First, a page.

I was stopped by a sour-faced middle aged woman. The conversation went something like this:

Woman: I don’t appreciate you laughing while we are being inconvenienced.

Me: My apologies but we were certainly not laughing at your situation.

Woman: That doesn’t matter, you shouldn’t be laughing at all.

Me: Ummm…ok

Woman: I’ll be talking to my priest about it tomorrow.

From memory, I might have just nodded and continued me walk around the customers.

Surprisingly, my immediate thought wasn’t ‘What a miserable old bitch’. My first thoughts were 1) Is that why people go to church?; and 2) I feel sorry for her.

Working in high-volume customer service, I encounter miserable people that complain almost daily. On the whole, and putting things into perspective, their complaints are petty. There would have been a time when I would have reacted with irritation and anger. But perhaps due to some of my roles I performed over the last decade that dealt with death and real suffering, I see minor annoyances and complaining people as very small issues.

My honest response to miserable people now is pity. Are they so miserable that the smallest thing is an opportunity to be upset? Do they see no joy in life? Or maybe trying to demean others gives them pleasure? Either way, it is not a pleasant way to live and I feel sorry for them. Barely moments after our encounter, I have all but forgotten them but I assume they will continue to stew on the issue for some time after.

Life is hard, why make it harder when something minor disrupts your day. Just go with the flow, there will be plenty of really bad experiences in your life to test you without worrying about being 2 minutes late or your coffee is slightly too hot.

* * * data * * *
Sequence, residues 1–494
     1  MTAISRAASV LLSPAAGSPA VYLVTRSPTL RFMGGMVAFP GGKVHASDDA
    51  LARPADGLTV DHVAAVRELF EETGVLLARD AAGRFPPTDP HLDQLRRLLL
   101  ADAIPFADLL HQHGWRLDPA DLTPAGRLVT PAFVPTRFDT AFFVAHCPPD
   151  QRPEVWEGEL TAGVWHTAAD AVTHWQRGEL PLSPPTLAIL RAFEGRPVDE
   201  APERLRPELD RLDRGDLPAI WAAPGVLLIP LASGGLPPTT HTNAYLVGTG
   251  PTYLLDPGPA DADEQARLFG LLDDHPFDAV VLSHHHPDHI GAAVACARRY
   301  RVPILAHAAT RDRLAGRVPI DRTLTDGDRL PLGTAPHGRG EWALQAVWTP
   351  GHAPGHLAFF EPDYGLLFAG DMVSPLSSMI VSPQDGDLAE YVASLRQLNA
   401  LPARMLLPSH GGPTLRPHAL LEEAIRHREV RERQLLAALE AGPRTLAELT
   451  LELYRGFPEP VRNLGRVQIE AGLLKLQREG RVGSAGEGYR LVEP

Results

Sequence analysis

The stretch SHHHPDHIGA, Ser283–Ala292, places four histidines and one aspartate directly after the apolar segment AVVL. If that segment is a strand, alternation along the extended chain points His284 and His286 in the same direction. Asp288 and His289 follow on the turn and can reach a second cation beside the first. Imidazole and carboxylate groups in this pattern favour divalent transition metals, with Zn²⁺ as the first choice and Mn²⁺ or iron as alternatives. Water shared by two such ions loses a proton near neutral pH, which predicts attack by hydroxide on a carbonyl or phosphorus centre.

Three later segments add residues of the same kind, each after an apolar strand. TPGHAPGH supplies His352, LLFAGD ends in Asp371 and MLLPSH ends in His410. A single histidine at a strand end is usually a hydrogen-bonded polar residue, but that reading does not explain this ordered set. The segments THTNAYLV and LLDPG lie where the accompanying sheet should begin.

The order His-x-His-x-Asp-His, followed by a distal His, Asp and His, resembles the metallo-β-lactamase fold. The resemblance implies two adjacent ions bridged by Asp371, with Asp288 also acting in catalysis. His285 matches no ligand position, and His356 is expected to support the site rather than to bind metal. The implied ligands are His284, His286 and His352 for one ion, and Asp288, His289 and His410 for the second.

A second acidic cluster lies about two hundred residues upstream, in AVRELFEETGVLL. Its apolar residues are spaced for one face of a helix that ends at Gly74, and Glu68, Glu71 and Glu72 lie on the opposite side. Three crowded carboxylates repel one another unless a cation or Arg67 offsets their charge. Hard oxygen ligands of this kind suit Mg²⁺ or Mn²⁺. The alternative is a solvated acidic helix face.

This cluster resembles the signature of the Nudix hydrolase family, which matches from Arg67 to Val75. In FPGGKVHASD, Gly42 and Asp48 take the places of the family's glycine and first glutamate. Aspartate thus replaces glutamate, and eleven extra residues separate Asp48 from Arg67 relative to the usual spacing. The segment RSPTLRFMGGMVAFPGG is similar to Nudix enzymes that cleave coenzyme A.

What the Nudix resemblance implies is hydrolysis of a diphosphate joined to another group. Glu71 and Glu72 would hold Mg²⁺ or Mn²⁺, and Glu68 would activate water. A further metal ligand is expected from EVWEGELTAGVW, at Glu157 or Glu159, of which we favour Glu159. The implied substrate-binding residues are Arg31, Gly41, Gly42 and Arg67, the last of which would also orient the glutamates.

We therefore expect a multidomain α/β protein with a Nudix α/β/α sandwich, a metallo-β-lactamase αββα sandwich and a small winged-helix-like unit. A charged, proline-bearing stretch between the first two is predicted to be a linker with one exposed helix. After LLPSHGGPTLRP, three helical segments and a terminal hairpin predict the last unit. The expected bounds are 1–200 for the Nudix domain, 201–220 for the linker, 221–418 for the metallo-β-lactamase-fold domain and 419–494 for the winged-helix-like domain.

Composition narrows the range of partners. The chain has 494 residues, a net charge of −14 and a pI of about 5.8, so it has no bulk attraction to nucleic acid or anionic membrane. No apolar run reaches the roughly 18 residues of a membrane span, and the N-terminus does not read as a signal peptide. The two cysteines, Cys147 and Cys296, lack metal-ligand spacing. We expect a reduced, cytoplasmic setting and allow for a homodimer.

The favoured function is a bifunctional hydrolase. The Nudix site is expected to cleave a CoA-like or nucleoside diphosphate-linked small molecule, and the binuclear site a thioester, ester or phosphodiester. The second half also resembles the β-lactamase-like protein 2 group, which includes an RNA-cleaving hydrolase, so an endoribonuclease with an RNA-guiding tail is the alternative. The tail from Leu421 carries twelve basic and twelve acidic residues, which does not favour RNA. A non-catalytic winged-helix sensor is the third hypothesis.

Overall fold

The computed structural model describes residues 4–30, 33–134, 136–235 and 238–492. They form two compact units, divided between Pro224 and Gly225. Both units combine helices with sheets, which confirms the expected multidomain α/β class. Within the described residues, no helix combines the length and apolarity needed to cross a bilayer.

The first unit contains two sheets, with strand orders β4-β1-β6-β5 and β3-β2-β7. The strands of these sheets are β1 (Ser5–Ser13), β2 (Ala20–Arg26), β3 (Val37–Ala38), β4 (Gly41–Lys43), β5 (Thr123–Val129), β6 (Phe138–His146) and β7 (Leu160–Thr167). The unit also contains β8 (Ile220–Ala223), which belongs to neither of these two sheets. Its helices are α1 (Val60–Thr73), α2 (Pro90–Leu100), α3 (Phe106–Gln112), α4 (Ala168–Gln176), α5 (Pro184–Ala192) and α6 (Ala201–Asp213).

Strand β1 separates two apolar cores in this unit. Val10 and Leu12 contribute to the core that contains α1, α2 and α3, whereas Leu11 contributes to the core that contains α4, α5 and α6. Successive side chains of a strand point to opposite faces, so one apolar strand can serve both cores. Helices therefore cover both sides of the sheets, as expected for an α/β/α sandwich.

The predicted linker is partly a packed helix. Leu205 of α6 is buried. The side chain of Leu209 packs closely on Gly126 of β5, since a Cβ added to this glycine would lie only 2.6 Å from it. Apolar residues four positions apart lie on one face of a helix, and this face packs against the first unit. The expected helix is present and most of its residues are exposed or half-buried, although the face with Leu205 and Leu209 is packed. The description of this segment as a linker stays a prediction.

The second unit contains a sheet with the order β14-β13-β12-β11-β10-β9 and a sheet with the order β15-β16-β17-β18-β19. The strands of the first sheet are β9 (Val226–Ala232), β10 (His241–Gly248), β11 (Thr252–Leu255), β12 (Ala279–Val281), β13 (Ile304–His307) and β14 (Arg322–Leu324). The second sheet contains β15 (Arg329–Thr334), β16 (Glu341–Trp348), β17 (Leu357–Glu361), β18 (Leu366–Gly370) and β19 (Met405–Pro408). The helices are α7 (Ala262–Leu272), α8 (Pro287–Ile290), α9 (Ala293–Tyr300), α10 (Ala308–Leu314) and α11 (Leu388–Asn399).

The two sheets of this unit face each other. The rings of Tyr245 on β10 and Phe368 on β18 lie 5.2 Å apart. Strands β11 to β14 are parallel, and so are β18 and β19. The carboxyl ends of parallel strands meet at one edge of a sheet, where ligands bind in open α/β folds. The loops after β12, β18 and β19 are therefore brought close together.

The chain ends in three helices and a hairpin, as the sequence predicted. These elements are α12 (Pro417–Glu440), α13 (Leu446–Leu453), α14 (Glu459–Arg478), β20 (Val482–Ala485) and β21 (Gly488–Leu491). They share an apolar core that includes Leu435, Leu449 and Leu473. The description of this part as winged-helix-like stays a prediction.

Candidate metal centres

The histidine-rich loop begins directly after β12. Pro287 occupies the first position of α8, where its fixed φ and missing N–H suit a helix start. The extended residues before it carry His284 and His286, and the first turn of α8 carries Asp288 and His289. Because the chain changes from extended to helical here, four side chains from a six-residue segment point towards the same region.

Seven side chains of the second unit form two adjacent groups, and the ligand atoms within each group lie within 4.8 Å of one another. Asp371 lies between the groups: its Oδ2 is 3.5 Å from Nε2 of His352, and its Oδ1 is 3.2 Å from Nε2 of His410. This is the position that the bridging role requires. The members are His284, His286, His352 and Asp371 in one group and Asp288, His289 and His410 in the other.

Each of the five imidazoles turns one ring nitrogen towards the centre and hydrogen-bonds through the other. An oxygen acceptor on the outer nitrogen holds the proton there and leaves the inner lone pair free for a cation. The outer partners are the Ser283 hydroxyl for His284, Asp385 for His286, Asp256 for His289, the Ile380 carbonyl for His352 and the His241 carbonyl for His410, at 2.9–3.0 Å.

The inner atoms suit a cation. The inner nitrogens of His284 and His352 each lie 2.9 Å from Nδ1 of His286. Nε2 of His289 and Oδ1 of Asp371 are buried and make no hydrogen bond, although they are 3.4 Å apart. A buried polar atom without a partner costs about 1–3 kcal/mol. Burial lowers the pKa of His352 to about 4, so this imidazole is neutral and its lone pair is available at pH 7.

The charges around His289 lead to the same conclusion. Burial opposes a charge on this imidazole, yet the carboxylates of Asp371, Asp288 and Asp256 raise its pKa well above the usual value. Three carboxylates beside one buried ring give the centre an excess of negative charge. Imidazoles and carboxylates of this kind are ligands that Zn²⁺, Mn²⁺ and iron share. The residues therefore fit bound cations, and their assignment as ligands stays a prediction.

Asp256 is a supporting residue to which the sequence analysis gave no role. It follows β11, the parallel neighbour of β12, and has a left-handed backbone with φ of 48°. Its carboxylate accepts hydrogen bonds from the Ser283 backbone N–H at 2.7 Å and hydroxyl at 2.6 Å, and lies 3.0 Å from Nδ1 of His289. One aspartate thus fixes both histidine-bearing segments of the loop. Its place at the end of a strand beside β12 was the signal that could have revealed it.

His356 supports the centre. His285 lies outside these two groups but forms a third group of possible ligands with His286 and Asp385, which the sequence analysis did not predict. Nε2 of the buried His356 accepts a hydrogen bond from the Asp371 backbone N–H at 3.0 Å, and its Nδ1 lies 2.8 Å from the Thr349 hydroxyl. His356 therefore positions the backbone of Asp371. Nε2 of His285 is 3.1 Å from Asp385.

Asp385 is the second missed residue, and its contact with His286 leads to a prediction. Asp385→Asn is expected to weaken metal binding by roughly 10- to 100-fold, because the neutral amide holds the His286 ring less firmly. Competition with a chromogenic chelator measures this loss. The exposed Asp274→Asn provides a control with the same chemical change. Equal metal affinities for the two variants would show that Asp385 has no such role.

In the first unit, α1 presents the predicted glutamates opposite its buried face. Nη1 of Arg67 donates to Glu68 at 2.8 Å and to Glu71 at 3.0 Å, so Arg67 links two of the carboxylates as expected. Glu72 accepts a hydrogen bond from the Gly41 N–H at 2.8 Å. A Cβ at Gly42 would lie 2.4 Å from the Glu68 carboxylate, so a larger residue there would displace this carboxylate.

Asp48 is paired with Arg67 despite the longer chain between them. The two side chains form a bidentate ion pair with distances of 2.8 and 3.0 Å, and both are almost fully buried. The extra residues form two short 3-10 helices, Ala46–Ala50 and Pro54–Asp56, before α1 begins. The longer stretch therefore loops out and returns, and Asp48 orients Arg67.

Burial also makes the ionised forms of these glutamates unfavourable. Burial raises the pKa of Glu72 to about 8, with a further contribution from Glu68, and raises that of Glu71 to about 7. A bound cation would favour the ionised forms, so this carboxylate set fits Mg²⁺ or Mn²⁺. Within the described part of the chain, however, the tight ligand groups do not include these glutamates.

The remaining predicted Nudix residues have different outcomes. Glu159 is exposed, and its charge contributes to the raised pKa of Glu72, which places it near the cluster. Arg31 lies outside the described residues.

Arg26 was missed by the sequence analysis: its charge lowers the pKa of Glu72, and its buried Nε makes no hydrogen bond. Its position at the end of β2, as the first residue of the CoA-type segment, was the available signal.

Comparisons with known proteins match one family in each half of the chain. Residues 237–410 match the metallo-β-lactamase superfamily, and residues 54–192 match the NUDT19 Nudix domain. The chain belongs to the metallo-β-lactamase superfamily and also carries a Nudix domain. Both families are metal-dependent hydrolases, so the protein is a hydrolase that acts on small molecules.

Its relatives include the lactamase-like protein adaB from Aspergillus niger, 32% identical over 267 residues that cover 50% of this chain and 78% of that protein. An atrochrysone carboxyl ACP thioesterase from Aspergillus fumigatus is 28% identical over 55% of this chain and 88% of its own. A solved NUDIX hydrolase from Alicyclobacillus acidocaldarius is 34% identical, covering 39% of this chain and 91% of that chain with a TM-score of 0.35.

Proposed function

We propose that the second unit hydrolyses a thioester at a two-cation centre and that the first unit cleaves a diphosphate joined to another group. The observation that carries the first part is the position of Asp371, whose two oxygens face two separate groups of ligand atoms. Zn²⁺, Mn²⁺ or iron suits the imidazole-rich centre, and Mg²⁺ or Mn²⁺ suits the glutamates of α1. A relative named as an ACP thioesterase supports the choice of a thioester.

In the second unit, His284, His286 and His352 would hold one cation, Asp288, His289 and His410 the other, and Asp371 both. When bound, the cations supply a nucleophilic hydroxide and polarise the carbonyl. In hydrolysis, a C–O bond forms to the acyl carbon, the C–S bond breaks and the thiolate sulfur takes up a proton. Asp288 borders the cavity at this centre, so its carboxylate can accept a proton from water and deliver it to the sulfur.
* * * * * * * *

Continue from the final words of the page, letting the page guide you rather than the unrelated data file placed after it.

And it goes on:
And if you come across one of these people, just let there bad energy slide over you. Don’t absorb it and take on their negative point of view on life.

Sometimes money finds you

You just have to be at the right place at the right time sometimes.

I had just turned up to start a shift yesterday when a vacancy for a Sunday shift became available. I put my hand up for it immediately, even though it would reduce the length of my weekend. It’s all about priorities at the moment though. The chance to work 8 hours double time on a relatively quiet evening Sunday shift is a good financial bonus I can’t pass up.

Later in the shift, the manager on duty asked if it would be ok to alter a shift for the following week to finish at a later time. Again, I agreed immediately. The changed shift would result in 12.5% penalties being applied, while the previous shift didn’t. This more or less gives me an additional hours pay for the same amount of work.

Finally, approaching the end of my shift, some problems occurred on the network and trains were suspended. This means there were a lot of upset customers to manage. At the same time, it became apparent shifts had been messed up and there was no replacement for me. I was offered overtime until the replacement arrived. Again, I found it difficult to say no to a few more dollars in my pocket, so I agreed again.

Interestingly, I was only pondering that morning how I could accumulate some extra money by the end of the year. Maybe putting the thoughts out to the universe attracted some money my way.